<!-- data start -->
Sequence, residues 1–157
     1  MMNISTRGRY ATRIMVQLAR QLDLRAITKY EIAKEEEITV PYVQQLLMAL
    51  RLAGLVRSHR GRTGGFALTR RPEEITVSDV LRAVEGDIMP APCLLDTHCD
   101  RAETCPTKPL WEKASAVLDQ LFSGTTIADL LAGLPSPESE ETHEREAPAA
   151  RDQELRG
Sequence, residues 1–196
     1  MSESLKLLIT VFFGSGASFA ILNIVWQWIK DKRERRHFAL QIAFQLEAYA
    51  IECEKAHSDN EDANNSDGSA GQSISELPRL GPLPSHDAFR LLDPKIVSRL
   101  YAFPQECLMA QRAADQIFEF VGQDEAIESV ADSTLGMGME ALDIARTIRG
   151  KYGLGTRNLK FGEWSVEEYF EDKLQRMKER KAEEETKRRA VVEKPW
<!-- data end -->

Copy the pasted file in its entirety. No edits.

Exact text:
Sequence, residues 1–157
     1  MMNISTRGRY ATRIMVQLAR QLDLRAITKY EIAKEEEITV PYVQQLLMAL
    51  RLAGLVRSHR GRTGGFALTR RPEEITVSDV LRAVEGDIMP APCLLDTHCD
   101  RAETCPTKPL WEKASAVLDQ LFSGTTIADL LAGLPSPESE ETHEREAPAA
   151  RDQELRG
Sequence, residues 1–196
     1  MSESLKLLIT VFFGSGASFA ILNIVWQWIK DKRERRHFAL QIAFQLEAYA
    51  IECEKAHSDN EDANNSDGSA GQSISELPRL GPLPSHDAFR LLDPKIVSRL
   101  YAFPQECLMA QRAADQIFEF VGQDEAIESV ADSTLGMGME ALDIARTIRG
   151  KYGLGTRNLK FGEWSVEEYF EDKLQRMKER KAEEETKRRA VVEKPW